the game in its half of the ninth when
Jeff Jacobsen walked and Schulte
doubled. However, instead of holding
Jacobsen at third, which would have
put men on second and third with no
outs, Michigan coach Bud Middaugh
elected to send Jacobsen home, where
he was thrown out. After Dave Stober
123 456 789 R H E
Texas .................... 001001 013 6 10 0
MICHIGAN ...............002 021 000 5 21 I
Culley, Tomkins (5), Hamer (6), Arnold (9) and
Stoll,Ontiveros (4) andHool
nnd f.aueerus following55it.
a fielder's choice, Schulte knocked a
MICHIGAN'S DAVE STOBER, right, gets tagged in mid-dive by University of Texas shortstop Spike Owens, left, during
yesterday's elimination game of the 35th annual NCAA World Series. Stober was attempting to steal second on the play.
TheCollege World Series.. .
T HE SPORTING VIEWS ... impressions from the pressbox
By JOHN KERR
The post-season accolades have begun to roll in
and Michigan pitcher Scot Elam has been named
to the 1981 American Association of College
Baseball Coaches All-America baseball team. The
hard-throwing sophomore earned a spot on the
third team by compiling an 11-3 record and a 1.88
Could the 1981 College World Series (CWS) mark
the last appearance by Jim Paciorek in a
Michigan uniform? Paciorek is expected to be a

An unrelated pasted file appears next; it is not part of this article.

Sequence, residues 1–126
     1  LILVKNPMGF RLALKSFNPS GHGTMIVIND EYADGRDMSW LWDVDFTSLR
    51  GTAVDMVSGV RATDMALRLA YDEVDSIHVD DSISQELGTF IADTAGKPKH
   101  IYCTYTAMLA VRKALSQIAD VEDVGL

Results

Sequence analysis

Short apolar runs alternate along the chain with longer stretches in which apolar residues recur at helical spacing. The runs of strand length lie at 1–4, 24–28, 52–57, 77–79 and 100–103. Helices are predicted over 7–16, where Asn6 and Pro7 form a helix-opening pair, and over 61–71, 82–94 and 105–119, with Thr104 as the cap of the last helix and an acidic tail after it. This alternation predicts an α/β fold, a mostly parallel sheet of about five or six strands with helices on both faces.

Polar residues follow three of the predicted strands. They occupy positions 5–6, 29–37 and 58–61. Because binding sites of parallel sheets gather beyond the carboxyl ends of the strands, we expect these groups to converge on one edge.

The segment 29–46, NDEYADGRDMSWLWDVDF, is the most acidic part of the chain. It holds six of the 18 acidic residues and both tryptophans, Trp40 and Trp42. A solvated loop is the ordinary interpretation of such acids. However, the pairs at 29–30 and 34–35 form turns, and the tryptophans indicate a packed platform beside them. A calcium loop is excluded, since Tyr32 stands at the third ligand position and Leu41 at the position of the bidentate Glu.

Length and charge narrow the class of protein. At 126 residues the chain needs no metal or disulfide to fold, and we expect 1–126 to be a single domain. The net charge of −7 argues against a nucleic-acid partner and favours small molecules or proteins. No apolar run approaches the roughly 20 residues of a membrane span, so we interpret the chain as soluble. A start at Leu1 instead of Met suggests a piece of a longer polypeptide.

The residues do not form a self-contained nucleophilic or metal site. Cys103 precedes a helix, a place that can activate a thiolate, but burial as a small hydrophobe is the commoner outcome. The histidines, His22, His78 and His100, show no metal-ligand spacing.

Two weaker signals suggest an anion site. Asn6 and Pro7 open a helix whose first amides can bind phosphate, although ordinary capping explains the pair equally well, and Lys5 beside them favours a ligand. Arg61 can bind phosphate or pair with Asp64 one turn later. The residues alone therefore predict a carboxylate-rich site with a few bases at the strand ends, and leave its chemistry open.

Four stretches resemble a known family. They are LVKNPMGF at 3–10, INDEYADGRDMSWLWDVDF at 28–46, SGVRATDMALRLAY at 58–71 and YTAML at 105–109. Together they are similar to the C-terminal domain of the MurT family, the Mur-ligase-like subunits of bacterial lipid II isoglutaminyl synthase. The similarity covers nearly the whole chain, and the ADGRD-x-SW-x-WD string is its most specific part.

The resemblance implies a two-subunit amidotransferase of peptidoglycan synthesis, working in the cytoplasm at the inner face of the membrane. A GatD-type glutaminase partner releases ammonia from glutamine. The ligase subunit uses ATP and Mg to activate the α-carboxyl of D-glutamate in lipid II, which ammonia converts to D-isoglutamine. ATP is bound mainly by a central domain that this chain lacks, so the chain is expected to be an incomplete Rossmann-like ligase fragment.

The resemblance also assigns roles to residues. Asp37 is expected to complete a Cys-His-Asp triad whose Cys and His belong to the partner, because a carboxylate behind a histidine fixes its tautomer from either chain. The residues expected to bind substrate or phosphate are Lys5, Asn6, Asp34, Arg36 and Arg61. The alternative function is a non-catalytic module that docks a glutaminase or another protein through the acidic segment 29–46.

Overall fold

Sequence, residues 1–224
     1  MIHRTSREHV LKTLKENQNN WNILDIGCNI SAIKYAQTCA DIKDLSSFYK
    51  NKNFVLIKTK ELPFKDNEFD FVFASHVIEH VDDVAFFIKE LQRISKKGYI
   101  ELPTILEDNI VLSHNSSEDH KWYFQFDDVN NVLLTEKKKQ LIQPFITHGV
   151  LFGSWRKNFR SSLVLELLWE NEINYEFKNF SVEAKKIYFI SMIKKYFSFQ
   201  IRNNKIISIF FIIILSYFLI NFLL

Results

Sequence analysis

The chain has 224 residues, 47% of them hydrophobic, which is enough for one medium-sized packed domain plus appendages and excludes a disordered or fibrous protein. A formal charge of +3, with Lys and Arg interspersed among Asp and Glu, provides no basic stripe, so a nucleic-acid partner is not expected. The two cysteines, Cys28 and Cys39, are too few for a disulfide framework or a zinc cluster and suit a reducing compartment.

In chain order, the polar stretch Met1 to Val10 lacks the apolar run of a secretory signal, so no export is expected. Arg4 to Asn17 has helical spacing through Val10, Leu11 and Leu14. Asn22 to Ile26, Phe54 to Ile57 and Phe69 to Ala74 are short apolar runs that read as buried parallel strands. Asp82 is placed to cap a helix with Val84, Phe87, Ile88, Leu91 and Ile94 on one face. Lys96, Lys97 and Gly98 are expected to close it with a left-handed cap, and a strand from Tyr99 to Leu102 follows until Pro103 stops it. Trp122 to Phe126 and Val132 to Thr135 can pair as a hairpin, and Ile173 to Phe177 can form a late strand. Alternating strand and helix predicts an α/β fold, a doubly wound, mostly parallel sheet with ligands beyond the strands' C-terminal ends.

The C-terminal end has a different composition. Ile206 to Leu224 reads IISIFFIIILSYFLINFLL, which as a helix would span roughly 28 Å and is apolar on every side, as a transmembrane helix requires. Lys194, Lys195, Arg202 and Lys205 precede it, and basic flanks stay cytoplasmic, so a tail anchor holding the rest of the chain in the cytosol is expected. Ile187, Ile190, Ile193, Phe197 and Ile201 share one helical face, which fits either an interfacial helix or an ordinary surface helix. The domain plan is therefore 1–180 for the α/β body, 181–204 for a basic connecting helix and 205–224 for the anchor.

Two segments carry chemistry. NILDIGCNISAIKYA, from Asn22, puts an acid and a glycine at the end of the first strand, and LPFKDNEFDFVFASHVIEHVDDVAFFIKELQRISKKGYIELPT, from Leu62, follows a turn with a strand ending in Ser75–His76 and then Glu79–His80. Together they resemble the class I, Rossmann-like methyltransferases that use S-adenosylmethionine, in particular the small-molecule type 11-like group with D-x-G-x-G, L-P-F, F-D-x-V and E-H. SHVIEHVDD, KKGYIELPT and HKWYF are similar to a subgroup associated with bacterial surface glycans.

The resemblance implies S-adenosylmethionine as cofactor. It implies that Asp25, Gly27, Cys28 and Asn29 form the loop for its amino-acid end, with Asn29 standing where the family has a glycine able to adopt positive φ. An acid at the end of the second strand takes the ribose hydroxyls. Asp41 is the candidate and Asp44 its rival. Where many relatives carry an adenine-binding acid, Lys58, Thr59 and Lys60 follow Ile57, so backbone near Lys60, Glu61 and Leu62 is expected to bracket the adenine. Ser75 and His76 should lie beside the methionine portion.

top pick in this year's major league amateur draft
and the word is that if the money is there and the
team is right, the big-hitting junior will pass up his
senior year for a shot at the pros ... .
One of the umpires here at the CWS, Gus
Steiner, has only one arm. Steiner lost his right
arm in an accident some years ago. Overheard in
the pressbox: "if he makes a couple of bad calls,
he'll be known as the one-armed bandit" ...
Mississippi State's Mark Gillaspie is the only
player participating in the CWS who is from
Omaha. Gillaspie, who is hitting a healthy .408 for
the Bulldogs, made the most of his homecoming
Saturday by knocking a three-run blast over the
right field fence off Michigan starter Elam. The
homer was all Mississippi State needed to defeat
Michigan, 4-0 ...
Michigan fans would surely believe that the
Wolverines are a good hitting ballclub, but after